privacyDespite an outcry by consumer groups, major Internet service providers are defending congressional action last week to reverse ISP privacy protections adopted late last year under the previous presidential administration. ISPs had argued that those protections were unneeded and that they were unfair because they were stricter than those governing other types of Internet companies such as search engine giants Yahoo and Google.

ISP Privacy Protections
AT&T and Comcast executives argued in blog posts that there has been a lot of misunderstanding involving the overturned ISP privacy protections.

“There has been a lot of misleading talk about how the congressional action this week to overturn the regulatory overreach of the prior FCC will now permit us to sell sensitive customer data without customers’ knowledge or consent,” wrote a Comcast senior vice president. “This is just not true.”

The Comcast blog post notes that the company has committed to privacy principles that are consistent with Federal Trade Commission privacy rules.

The AT&T exec’s take was that “all of the rhetoric that asserts – without any factual support – that the [congressional] vote suddenly eliminated consumer privacy protections is just plain wrong.”

He added that “[t]he reality is that the FCC’s new broadband privacy rules had not yet even taken effect. And no one is saying there shouldn’t be any rules.”

The AT&T blog post notes that supporters of the FCC’s ISP privacy protection rule reversal agree that the rescinded rules should be replaced by a return to the long-standing FTC privacy rules. The AT&T exec notes that ISPs are currently governed by Section 222 of the Communications Act regarding how consumer information can be used. He also notes that if the FCC rescinds the previous administration’s decision to classify broadband as a Title II communications service, then the FTC will resume regulating consumer broadband privacy as it did before the Title II decision.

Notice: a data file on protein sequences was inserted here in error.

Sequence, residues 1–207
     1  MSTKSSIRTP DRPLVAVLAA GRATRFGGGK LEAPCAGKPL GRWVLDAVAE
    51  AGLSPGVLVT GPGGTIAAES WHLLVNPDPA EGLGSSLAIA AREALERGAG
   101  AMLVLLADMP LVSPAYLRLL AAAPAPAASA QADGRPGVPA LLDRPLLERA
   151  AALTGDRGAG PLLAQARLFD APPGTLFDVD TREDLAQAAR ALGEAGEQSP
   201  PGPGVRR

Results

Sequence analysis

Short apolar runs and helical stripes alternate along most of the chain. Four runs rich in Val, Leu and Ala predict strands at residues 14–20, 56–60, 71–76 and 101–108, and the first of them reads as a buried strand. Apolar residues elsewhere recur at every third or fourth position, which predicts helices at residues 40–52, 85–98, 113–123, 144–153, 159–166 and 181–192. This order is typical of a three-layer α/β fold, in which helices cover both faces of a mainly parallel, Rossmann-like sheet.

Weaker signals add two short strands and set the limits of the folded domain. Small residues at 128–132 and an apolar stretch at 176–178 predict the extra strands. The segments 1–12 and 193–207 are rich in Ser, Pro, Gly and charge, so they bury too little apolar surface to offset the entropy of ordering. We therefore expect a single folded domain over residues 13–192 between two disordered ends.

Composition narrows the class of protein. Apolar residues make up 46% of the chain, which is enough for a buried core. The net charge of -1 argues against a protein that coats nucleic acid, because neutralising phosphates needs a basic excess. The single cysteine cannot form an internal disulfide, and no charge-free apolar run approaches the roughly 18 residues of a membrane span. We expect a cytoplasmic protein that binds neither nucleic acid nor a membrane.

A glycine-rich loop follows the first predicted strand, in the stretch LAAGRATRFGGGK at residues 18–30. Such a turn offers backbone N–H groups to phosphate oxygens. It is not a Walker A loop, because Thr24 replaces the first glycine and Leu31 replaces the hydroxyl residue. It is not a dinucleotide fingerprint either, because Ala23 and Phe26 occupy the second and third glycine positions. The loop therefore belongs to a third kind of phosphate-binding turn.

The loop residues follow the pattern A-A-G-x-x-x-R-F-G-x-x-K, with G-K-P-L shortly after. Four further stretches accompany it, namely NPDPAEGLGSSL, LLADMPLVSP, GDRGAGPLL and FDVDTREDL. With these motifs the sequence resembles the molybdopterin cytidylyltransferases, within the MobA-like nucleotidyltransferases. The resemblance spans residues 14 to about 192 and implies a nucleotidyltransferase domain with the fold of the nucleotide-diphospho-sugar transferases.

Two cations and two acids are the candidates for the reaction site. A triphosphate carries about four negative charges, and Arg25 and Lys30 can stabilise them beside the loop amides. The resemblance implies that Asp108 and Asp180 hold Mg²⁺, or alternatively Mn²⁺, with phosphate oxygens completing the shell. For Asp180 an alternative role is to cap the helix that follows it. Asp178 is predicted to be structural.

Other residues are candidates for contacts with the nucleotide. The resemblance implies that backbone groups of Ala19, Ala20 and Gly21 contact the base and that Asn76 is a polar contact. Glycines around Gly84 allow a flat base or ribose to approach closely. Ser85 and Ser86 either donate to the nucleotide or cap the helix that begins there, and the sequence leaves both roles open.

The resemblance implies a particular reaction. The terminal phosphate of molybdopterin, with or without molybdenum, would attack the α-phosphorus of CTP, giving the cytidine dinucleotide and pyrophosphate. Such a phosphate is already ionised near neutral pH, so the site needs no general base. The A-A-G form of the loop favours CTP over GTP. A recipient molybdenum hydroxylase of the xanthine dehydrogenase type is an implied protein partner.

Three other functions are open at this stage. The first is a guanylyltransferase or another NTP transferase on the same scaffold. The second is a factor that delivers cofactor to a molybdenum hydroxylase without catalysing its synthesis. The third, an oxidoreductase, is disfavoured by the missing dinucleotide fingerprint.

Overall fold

Verizon’s ISP privacy blog post didn’t do the finger-pointing that the AT&T and Comcast posts did. But a Verizon exec also said he wanted to “set the record straight.”

The company “does not sell the personal web browsing history of our customers,” he wrote. “We don’t do it and that’s the bottom line.”

Verizon has two programs that use web browsing data and neither of these involves selling customers’ personal web browsing history, the exec wrote. The two programs include the Verizon Selects advertising program, which according to the blog post, uses de-identified information to determine which customers fit into groups that advertisers are trying to reach, along with a program that provides aggregate insights that might be useful for advertisers and other businesses.

“Customers have a choice about participating in both programs,” Verizon said.

Comcast also said it does not sell broadband customers’ individual web browsing history and that it does not share sensitive information unless our customers have opted in to allow that to occur.

The AT&T blog post was less specific about that company’s privacy policy, instead including a link to a web page with extensive information on that topic. The company noted, though, that its privacy protections are the same today as they were five months ago when the FCC rules were adopted. “We had the same protections in place . . . and we will have the same protections the day after President Trump signs” the new legislation, AT&T wrote.

Image courtesy of flickr user g4ll4is.

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